Breakthrough in hunt for common cold cure

Breakthrough in hunt for common cold cure

When tested on human cells in a dish, the drug was found to block several strains of cold virus from replicating, without having any effect on the cells.

The ICL team made a decision to take a unique approach to the problem: If we can't directly take down every cold virus (and every potential cold virus), maybe we can make the human body inhospitable for those viruses.

The research, published in the Nature Chemistry journal today, states the latest step to combat the common cold.

Despite being so widespread, the common cold has consistently eluded effective medical treatment, both because of the vast number of viruses that cause it-more than 150 strains of rhinovirus infect humans-and because these pathogens are particularly fast-evolving.

The common cold is caused by viruses with hundreds of variants, and these overwhelming numbers can hinder efforts to immunize or vaccinate ourselves against them.

Researchers hope to one day produce a drug that can be inhaled, and reach the lungs quicker, for people who have just started getting the sniffles. The molecule targets a protein in cells called N-myristoyltransferase (NMT), that viruses "hijack" to form a protective shell, which allows them to multiply. In these human cell tests there was no sign of broader cytotoxicity and this NMT strategy could have applications for viral infections other than the common cold, including foot and mouth disease and poliovirus.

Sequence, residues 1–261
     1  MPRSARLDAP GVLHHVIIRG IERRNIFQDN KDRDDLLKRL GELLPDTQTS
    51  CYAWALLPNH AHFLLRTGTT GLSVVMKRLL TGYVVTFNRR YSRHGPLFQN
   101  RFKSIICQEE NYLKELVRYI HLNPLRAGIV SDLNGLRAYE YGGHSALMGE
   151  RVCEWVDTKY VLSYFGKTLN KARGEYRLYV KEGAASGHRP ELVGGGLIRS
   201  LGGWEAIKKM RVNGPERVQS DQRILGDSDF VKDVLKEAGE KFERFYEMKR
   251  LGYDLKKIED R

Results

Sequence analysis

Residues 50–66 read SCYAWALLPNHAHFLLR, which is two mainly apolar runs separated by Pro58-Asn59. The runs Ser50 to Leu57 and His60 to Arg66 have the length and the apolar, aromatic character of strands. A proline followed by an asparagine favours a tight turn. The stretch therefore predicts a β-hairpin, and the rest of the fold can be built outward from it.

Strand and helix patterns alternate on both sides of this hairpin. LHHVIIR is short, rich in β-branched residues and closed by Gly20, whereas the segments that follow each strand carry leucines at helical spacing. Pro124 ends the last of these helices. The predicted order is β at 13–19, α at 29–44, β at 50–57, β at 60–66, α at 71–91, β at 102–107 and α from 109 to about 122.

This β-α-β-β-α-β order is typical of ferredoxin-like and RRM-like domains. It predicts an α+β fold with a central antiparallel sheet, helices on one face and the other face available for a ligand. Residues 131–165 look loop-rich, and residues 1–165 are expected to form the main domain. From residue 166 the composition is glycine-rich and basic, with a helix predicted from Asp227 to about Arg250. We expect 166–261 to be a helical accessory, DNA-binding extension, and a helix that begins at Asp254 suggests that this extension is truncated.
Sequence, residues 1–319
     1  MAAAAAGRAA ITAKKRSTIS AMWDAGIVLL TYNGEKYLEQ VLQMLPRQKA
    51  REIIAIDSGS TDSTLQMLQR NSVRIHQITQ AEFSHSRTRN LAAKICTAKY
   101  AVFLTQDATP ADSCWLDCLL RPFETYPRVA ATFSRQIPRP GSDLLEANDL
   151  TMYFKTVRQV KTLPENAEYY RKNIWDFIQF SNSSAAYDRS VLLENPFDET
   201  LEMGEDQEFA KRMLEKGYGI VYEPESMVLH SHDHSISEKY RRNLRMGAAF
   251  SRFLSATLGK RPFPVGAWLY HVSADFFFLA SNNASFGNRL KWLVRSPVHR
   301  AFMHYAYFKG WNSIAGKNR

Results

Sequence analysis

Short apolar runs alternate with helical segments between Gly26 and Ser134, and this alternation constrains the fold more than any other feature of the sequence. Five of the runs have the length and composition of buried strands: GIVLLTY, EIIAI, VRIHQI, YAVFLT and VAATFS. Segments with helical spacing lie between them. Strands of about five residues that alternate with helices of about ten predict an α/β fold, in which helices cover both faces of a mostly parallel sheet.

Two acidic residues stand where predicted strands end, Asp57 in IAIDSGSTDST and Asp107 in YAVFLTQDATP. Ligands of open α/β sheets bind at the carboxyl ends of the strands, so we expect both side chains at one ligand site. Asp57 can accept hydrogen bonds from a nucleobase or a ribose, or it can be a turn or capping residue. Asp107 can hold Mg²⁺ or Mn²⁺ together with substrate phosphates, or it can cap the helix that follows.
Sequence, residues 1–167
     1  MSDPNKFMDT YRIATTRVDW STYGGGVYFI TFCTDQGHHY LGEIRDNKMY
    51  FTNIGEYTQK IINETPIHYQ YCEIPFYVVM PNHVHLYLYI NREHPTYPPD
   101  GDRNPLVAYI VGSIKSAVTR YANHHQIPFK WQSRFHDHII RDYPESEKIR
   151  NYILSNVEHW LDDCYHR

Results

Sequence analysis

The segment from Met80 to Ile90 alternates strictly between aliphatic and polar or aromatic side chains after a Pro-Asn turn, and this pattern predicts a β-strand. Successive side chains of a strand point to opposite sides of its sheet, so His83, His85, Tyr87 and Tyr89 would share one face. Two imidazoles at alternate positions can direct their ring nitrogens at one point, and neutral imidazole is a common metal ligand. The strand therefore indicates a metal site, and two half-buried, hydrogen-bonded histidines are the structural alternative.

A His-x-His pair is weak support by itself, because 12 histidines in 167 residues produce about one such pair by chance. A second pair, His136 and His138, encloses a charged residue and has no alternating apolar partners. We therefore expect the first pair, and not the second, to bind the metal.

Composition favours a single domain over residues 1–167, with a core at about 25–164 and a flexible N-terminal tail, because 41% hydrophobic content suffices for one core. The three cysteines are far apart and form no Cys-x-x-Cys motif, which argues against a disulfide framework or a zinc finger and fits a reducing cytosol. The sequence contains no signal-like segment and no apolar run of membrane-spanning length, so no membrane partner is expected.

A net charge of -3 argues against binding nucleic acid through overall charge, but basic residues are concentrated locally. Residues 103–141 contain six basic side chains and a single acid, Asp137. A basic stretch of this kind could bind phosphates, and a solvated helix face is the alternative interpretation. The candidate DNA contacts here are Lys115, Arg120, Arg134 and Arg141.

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He adds that the treatment could be an especially good option for people with health conditions such as asthma because a simple cold could lead easily to illnesses for them.

A cure for the common cold may have been found - according to global researchers.

Currently, the only way to treat the common cold is to treat its symptoms.

Many of us spend a lot of money during our lives on cold remedies that don't really work - but a new drug could stop the virus in its tracks. However, further studies are needed to ensure that the drug is not toxic in the body.

Solari said researchers are unclear whether this approach will work by the time cold symptoms appear, which is typically a few days (not hours) after a person has been infected.

"There is a still a long way before this becomes a medicine".

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